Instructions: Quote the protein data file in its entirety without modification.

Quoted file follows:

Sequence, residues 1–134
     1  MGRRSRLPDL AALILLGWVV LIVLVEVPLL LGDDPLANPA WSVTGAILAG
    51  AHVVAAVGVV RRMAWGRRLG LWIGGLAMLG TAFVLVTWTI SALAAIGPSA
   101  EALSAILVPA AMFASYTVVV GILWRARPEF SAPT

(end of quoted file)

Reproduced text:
Sequence, residues 1–134
     1  MGRRSRLPDL AALILLGWVV LIVLVEVPLL LGDDPLANPA WSVTGAILAG
    51  AHVVAAVGVV RRMAWGRRLG LWIGGLAMLG TAFVLVTWTI SALAAIGPSA
   101  EALSAILVPA AMFASYTVVV GILWRARPEF SAPT